• by WDot ( 1286728 ) on Saturday May 22, 2010 @11:01AM (#32305606)
        You could just put in a comment that says "This regex tests for an email address."

        I've massaged if-else code into regexes before. Having several if-elses for a piece of data is rickety and (in my opinion) would take more work to rework than a regular expression if the data changed.
        • Bingo! You stole my thunder. Mod parent up Insightful. The solution to the infamous regex problem is to comment them. Your style guide should even have something like, "any regex longer than N characters should have a comment next to it". Developers who live, breathe and eat regex should be mindful that it might look like line noise to the rest of us, or that we might be able to parse it in 15 minutes whereas we can read your comment in 2 seconds.

        • What if there is a misplaced character in a 50 character (or more) regex? If it only broke in some obscure cases, even with a comment saying "this matches an email address", how the hell would you debug it?

          • Re: (Score:3, Insightful)

            by willy_me ( 212994 )
            If there is a problem with the regex you simply have to debug it - this is programming after all. The reason why the comment is important is that the debugger must know exactly what the regex is supposed to do. Is is any valid email addresses? Are there any exceptions? Once a programmer knows exactly what the code is supposed to do they can go about fixing it. Attempting to derive what the coded is supposed to do from the currently broken code is a recipe for disaster.
      • Using a RegEx could simultaneously decrease development time and reduce the number of bugs - everything the code do is located on a couple of lines of codes.
        Conversely, this might make it very hard/impossible to understand and change by someone that isn't a wizard in regular expressions (or might contain hard to identify bugs). Also, moving from ASCII to Unicode might be difficult.
        Regular expressions and pattern matching (see Erlang) are very powerful technologies

    • by PRMan ( 959735 ) on Saturday May 22, 2010 @09:43AM (#32305084)

      5. When it is written in Visual Basic. Always.
      4. When I'm getting paid by the hour and it is written in Visual Basic. Always
      3. When it was written in a mid-90s WYSIWIG bastard child of a mid-80s interpreted language.
      2. When it uses multiple five-to-ten thousand line case statements
      1. When it is written in Access basic.

      This is why I am currently rewriting everything from scratch in .NET at my company.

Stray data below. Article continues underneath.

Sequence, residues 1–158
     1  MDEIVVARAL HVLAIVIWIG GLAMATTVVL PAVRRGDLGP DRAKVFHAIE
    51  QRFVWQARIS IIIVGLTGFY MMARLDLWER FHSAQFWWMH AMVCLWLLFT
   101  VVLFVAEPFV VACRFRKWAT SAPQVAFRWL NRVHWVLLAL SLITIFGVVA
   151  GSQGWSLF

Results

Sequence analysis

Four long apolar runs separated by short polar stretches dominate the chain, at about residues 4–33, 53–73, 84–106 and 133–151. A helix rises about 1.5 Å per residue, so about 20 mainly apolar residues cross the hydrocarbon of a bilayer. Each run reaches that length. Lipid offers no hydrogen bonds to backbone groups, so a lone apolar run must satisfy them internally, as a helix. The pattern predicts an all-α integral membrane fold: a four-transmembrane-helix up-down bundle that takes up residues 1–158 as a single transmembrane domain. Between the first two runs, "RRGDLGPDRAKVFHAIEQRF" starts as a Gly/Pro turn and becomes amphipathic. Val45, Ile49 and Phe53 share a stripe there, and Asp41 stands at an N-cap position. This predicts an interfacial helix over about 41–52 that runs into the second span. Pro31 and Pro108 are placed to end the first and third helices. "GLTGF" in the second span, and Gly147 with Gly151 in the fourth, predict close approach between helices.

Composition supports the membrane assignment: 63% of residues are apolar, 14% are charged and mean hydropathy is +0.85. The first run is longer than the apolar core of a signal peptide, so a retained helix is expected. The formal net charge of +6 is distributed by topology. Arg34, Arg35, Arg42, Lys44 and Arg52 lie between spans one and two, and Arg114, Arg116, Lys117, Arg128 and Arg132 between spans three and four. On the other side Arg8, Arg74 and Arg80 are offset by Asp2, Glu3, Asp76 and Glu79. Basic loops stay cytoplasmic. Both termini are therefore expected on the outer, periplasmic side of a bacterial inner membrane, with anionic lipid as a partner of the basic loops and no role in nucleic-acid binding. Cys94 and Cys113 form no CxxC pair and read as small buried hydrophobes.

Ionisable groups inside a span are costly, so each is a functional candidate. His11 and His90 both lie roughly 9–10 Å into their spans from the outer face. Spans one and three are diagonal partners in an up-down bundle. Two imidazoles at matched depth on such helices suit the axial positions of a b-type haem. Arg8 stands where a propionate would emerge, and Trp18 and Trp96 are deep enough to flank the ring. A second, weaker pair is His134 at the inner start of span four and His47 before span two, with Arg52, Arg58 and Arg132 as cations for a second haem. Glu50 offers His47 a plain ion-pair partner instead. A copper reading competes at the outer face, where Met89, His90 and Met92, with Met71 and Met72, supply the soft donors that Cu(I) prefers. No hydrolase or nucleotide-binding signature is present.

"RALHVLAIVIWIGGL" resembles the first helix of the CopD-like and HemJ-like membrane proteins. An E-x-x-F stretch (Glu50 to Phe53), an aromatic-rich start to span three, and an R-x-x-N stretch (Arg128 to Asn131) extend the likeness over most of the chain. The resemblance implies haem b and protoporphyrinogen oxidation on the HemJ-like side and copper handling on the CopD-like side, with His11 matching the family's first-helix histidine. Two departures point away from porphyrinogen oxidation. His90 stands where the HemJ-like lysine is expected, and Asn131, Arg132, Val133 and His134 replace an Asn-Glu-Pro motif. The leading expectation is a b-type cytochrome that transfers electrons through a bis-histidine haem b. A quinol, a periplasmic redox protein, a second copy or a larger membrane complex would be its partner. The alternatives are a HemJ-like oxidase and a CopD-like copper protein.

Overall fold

• Re: (Score:3, Informative)

        by Surt ( 22457 )

        That has to be the +5 funniest thing I've read in a month. Thank you, I just about fell out of my chair.

    • by fishexe ( 168879 )

      3. When it was written in a mid-90s WYSIWIG bastard child of a mid-80s interpreted language.

      In what universe is a language developed in 1964 and first marketed by Microsoft in 1975 a "mid-80s interpreted language"?


      For the noobs, thats What-You-See-Is-What-I-Got, normally after some software that was promised to deliver ABC gets XYZ instead, after paying M thousand dollars, and is in the process of being reported to upper Management.

    • 6. When it was a product of outsourcing to a foreign country. God, maintaining that shit is the bane of my existence. At least they've upgraded to VB 2005.

  • by rxan ( 1424721 ) on Saturday May 22, 2010 @09:02AM (#32304818)
    you must stop looking backward.
    • by dotancohen ( 1015143 ) on Saturday May 22, 2010 @11:02AM (#32305612) Homepage

      you must stop looking backward.

      And loose all your users. They are in your 'Backwards" direction.

      I have filed or triaged well over 1000 bugs for KDE since KDE 4 came out. Forget about the missing features from KDE 3 to KDE 4, they don't care about breaking compatibility from KDE 4.n to KDE 4.n+1. Even Kaddressbook, one of the core KDE apps, had severe functionality loss from KDE 4.3 to KDE 4.4. Amarok, Koffice, and other lose severe core functionality when their "new versions" were actually "technology previews" with dot-oh version numbers.

      • Re: (Score:2, Interesting)

        by Anonymous Coward

        The new Amarok just blows period. They could have actually done mockups and put it to a vote using a poll on their site, produced two or three demo UIs with only basic functionality implemented, put it to another vote and gone with that. In the end, the devs really just wanted to reinvent the UI because table views are so 2001.

        The result is slow as a pig, ugly and more confusing then the old one.

        Hell, I hate it so much that I now just use a Konsole instance running MPlayer instead. mplayer album/*/*.flac FT

        • Re: (Score:2, Insightful)